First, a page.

A new interface developed by researchers in Bristol and Paris takes touch technology to the next level, by providing an artificial skin-like membrane for augmenting interactive devices such as phones, wearables or computers.

The Skin-On interface, developed by researchers at the University of Bristol in partnership with Telecomm ParisTech and Sorbonne University, mimics human skin in appearance but also in sensing resolution.

Imagine being able to build and use a robotic device without the need for expensive, specialist kit or skills. That is the vision that researchers from the University of Bristol have turned into reality, creating a lightweight, affordable and simple solution for everyday users.

While multiple robotic arm devices already exist, most are heavy, expensive and outside the reach of individuals who lack the expertise to use them.

Researchers at UC Santa Cruz have developed ultrasensitive nanoscale optical probes to monitor the bioelectric activity of neurons and other excitable cells. This novel readout technology could enable scientists to study how neural circuits function at an unprecedented scale by monitoring large numbers of individual neurons simultaneously. It could also lead to high-bandwidth brain-machine interfaces with dramatically enhanced precision and functionality.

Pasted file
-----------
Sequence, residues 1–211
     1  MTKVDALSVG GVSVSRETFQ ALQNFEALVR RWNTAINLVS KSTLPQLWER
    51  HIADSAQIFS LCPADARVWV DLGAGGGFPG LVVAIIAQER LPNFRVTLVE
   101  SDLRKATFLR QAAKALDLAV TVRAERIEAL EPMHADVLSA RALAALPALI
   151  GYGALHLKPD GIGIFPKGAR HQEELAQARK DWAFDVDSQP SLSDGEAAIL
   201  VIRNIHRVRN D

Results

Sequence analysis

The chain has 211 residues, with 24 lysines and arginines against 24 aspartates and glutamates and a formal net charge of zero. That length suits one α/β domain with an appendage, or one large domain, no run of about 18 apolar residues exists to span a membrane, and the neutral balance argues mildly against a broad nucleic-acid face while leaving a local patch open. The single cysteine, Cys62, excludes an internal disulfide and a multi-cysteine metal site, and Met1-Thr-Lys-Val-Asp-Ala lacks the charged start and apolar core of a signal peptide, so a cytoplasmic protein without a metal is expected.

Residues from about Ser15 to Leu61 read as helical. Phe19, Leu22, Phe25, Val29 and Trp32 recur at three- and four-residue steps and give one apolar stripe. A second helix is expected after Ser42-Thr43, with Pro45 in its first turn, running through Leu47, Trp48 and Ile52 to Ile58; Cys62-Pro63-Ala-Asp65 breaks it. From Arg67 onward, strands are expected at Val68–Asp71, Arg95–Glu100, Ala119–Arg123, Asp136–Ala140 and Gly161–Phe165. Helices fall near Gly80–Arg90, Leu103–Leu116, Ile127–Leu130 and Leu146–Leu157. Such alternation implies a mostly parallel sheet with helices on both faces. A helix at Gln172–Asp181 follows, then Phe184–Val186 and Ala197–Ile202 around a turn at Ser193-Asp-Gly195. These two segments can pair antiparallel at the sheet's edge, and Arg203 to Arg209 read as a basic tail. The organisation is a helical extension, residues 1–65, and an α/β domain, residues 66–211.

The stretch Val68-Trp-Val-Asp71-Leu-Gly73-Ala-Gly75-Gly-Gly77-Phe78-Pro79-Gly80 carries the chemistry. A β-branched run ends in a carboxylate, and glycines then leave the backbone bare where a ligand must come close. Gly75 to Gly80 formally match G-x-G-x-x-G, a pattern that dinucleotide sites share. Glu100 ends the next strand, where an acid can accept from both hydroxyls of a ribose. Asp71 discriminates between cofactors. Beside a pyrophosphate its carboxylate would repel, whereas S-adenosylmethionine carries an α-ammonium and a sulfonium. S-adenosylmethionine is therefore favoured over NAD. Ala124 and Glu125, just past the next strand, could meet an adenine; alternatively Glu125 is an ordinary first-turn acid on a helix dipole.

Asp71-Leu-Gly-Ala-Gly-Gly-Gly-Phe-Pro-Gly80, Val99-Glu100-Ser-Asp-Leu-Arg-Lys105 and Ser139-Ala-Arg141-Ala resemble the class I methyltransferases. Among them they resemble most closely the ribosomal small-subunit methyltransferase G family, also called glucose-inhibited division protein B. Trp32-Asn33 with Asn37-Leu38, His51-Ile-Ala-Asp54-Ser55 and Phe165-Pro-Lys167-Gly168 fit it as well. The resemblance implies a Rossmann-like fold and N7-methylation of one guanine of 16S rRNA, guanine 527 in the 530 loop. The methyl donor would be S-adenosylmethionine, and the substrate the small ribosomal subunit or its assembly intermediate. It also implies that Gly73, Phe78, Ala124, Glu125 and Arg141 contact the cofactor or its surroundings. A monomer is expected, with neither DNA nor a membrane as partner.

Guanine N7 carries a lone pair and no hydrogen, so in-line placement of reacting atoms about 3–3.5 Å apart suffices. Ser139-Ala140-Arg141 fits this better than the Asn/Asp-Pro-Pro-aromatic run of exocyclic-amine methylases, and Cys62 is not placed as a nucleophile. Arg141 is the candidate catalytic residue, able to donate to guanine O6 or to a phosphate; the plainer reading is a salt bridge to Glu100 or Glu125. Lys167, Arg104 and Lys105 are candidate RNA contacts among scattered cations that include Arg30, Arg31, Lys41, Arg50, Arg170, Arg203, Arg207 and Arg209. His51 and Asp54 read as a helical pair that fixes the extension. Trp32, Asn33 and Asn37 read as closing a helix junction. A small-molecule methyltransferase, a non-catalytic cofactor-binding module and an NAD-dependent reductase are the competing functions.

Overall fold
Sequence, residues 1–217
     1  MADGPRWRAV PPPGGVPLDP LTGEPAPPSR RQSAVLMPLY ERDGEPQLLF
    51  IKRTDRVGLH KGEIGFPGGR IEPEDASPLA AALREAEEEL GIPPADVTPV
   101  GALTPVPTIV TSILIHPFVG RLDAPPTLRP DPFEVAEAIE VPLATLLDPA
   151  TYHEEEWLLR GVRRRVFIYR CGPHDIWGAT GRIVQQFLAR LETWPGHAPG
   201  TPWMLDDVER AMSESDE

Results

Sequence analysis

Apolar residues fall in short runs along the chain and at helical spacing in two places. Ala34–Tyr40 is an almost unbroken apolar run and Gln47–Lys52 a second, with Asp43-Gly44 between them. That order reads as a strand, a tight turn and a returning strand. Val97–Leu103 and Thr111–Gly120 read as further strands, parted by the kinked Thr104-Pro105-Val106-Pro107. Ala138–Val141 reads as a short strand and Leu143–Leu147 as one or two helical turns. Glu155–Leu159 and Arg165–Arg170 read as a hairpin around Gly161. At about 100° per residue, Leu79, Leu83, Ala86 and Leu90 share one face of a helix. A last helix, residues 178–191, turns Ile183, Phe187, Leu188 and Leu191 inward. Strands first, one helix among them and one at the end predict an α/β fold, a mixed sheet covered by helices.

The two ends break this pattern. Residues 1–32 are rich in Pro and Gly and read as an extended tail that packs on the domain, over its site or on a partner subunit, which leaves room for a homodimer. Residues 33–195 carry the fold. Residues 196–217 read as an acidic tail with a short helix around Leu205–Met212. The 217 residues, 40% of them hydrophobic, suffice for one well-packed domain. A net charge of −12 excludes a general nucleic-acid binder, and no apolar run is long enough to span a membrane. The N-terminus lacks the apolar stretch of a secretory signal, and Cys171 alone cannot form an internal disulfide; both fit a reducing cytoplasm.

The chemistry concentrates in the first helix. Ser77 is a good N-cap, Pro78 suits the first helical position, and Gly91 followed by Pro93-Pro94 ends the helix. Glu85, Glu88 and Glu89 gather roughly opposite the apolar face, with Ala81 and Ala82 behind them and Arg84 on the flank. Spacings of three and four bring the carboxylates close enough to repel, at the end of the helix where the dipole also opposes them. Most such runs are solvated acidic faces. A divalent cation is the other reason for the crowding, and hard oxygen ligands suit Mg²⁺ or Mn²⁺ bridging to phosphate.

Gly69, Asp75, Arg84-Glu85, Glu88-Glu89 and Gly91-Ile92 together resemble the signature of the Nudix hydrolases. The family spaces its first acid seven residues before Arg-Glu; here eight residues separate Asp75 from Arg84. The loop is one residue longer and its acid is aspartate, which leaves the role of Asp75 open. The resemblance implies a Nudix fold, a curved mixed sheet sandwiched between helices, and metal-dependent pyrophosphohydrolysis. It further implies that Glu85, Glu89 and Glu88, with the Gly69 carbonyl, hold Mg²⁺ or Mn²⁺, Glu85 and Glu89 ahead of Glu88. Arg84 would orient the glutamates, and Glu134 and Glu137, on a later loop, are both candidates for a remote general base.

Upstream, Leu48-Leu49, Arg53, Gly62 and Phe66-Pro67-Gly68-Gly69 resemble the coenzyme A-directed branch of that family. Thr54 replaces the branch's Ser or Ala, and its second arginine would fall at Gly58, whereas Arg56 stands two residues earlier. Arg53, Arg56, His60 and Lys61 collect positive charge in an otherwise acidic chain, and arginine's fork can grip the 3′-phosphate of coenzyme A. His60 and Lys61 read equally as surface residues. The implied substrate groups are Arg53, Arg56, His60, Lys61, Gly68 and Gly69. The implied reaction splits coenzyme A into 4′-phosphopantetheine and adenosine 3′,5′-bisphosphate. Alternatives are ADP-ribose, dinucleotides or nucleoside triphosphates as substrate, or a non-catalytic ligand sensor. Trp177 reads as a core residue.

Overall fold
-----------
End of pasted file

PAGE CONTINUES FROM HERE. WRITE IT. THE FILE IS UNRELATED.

Turning a chair into a table, or vice versa, might sound like somewhat of a magic trick. In this case, zero magic is involved, just plenty of complex geometry and machine learning.

Cells need powerhouses known as mitochondria to utilize the energy stored in our food. Most of the proteins required for this powerhouse function are encoded in the nucleus and transported into the mitochondria after they have been synthesized in the cytosol. Signal sequences are needed to allow the protein to enter the mitochondria. Once the protein has arrived there, the signal sequences are, however, removed. Up until now, researchers did not fully understand the importance of this removal of signal sequences.

Creatine, the organic acid that is popularly taken as a supplement by athletes and bodybuilders, serves as a molecular battery for immune cells by storing and distributing energy to power their fight against cancer, according to new UCLA research.

Fluctuations in atmospheric pressure can heavily influence how much natural gas leaks from wells below the ground surface at oil and gas sites, according to new University of British Columbia research. However, current monitoring strategies do not take this phenomenon into account, and therefore may be under- or over-estimating the true magnitude of gas emissions.

Mars once had salt lakes that are similar to those on Earth and has gone through wet and dry periods, according to an international team of scientists that includes a Texas A&M University College of Geosciences researcher.

Marion Nachon, a postdoctoral research associate in the Department of Geology and Geophysics at Texas A&M, and colleagues have had their work published in the current issue of Nature Geoscience.